1.A.4.b.i Residential: Stationary Combustion

Last updated on 04 Dec 2014 08:38 (cf. Authors)

Short description


Under source category 1.A.4.b.i. - Other: Residential emissions from small residential combustion installations are reported.

NFR-Code Name of Category Method AD EF Key Source for (by1)
1.A.4.b i Residential: Stationary Combustion T2, T3 NS CS, D SOx (L/T), NOx (L/T), NMVOC (L), CO (L/T) - PM2.5, PM10 & TSP (L/T) - Pb (L), Cd (L) - PCDD/F (L), PAH (L/T), HCB (L/T)


Activity data

See 1.A.4. - Other: Stationary Combustion.

Emission factors

See 1.A.4. - Other: Stationary Combustion.

Table: Emission factors for domestic combustion installations

Fuel [kg/TJ] [mg/TJ] [µg/TJ]
Hard Coal 63 375 3386 65 18.5 17.6 15.7 60,000 20.8
Hard Coal Coke 41 450 6768 15 16.5 15.7 14.1 100,000 45.7
Hard Coal Briquettes 50 563 4875 184 265 252.8 227.3 100,000 20.2
Lignite Briquettes 87 96 2359 165 92 87.7 78.2 90,000 24.8
Natural Wood 73 7.6 2932 155 104.7 102.3 97.2 600,000 45.2
Light Heating Oil 42 59 14.5 1.7 0.88 0.88 0.88 4,000 2.2
Natural Gas 22 0.5 14.6 0.67 0.03 0.03 0.03 40 2.1

TSP and PM emission factors are to a large extend based on measurements without condensed compounds, according to CEN-TS 15883, annex I.
PAH measurement data contain the following individual substances: Benzo(a)pyrene, Benzo(k)fluoranthene, Indeno(1,2,3-cd)pyrene, Benzo(b)fluoranthene, Benzo(j)fluoranthene, Benzo(ghi)perylene, Anthracene, Benzo(a)anthracene, Chrysene(+Trihenylene) and Dibenz(a,h)anthracene, as a specific part of US EPA.

Trend Discussion for Key Sources

The following charts give an overview and assistance for explaining dominant emission trends of selected pollutants.

Annual fluctuations of all fuel types in source category 1.A.4.b.i depend on heat demand subject to winter temperatures. Between 1990 and 2002 the fuel use changed considerably from coal & lignite to natural gas. The consumption of light heating oil decreased as well. As the activity data for light heating oil is based on the sold amount, it fluctuates due to fuel prices and changing storage amounts. In 2010 and 2012 fuel consumption was particularly high due to the cold winter. 2012 data are still preliminary.

Sulfur Oxides & Nitrogen Oxides - SOx & NOx

SO2 emissions decrease due to the fuel switch from coal (especially lignite with a high emission factor) to natural gas with a lower emission factor.
In contrast to SO2 emissions NOX emission trend is less influenced by fuel characteristics but more by combustion conditions. Therefore NOX emission values shows lower reduction. During the last years the use of firewood gain influence.

Non-Methane Volatile Organic Compounds & Carbon Monoxide - NMVOC & CO

Main driver of the NMVOC emission trend is the decreasing lignite consumption. In the residential sector the emission trend is also affected by the increasing use of firewood with high emission factors which levels off the emission reduction.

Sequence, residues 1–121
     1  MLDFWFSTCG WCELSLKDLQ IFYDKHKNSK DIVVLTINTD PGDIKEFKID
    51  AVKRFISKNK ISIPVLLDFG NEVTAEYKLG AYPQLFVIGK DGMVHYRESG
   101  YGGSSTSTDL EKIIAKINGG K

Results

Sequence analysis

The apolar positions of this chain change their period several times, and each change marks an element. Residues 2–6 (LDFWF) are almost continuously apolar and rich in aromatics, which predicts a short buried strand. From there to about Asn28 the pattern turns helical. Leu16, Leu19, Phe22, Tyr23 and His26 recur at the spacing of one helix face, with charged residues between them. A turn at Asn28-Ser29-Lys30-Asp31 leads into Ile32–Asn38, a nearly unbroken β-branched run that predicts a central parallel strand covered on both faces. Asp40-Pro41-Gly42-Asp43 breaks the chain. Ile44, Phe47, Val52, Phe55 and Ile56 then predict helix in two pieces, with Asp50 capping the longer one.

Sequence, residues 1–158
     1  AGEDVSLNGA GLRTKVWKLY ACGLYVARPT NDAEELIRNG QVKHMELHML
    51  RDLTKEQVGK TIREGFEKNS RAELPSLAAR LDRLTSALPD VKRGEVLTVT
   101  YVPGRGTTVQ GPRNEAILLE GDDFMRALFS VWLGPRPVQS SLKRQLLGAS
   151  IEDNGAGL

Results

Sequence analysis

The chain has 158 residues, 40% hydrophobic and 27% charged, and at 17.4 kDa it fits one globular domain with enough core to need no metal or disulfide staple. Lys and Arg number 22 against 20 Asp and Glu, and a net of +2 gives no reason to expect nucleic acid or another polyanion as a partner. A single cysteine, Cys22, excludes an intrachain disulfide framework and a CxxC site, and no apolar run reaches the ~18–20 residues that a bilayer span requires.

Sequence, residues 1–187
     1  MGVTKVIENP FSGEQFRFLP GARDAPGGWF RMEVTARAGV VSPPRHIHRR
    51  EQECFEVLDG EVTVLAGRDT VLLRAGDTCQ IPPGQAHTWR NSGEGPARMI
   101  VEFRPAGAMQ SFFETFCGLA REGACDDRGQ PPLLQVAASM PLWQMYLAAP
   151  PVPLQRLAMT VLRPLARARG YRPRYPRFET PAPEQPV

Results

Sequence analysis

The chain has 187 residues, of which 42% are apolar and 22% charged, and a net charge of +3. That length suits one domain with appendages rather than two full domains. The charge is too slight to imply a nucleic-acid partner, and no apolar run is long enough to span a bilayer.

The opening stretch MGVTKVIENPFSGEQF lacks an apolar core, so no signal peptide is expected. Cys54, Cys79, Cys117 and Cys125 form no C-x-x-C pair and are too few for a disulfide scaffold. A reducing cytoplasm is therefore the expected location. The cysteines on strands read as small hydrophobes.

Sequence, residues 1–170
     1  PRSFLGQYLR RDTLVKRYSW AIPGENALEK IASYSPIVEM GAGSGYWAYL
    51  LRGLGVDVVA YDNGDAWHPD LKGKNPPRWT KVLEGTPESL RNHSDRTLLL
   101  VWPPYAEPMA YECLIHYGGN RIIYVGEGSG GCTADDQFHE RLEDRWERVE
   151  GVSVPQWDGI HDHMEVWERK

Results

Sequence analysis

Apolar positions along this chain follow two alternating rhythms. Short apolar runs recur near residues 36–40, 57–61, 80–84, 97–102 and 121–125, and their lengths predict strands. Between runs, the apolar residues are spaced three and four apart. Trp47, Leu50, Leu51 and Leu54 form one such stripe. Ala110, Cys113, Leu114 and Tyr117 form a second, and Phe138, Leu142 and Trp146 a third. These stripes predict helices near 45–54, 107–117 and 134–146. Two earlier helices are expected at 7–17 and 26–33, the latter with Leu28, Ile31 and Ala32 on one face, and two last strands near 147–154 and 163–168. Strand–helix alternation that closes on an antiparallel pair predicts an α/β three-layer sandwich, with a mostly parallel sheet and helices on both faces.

The explanation for decreasing carbon monoxide emissions is similar to the trend discussion for SO2 and NMVOC. Since 1990 the fuel use changed from solid fuels, which causes high CO-emissions, to gaseous fuels, which produce less CO emissions.

Particulate Matter - PM2.5 & PM10 & TSP

The emission trend for PM2.5, PM10, and TSP are also influenced severely by decreasing coal consumption in small combustion plants, particularly in the period from 1990 to 1994. Since 1995 the emission trend didn't change hardly. Increasing emissions in the last years are caused by the rising wood combustion in residential fire places and stoves.

Persistent Organic Pollutants

The main driver of the POP emission trend are coal and fuelwood. PCDD/F emissions from coal fired furnaces are declining but the effect is retarded by increasing wood consumption. The same influencing variables apply accordingly to the PAH emission trends. The emission trend of HCB shows a high dominance of emissions from wood-burning. Data source for HCB emission factors is the EMEP/Corinair inventory guidebook 2006. Insofar, emission factors are constant from 1990 to 2012. Furthermore, the difference between the EFs for coal and fuelwood is very big. Therefore, the emission trend depends solely on the development of fuelwood consumption. Regarding HCB emissions the inventory is incomplete. This is one of the reasons for the importance of emissions from small combustion plants. In 2010 and 2012 emissions are particularly high because of the cold winter. 2012 data are still preliminary.
It's known that in spite of the existing legislation, an unknown quantity of waste wood is illegally burnt. However, it's impossible to ascertain the fuel quantity, since the use of waste wood for heating purposes in small combustion plants it's illegal. Therefore all emission factors and emissions refer to the use of untreated wood.


Recalculations were necessary for the latest reference year (2011) due to the availability of the National Energy Balance. Germany has a federal structure which causes a time lack of the National Energy Balance. Therefore recalculations are always necessary.

For pollutant specific information on qualitative and quantitative impacts on 1990 and 2011 emission estimates see chapter 11. Recalculations.

Planned improvements

Currently, a study is planned to provide projections for small combustion plants.

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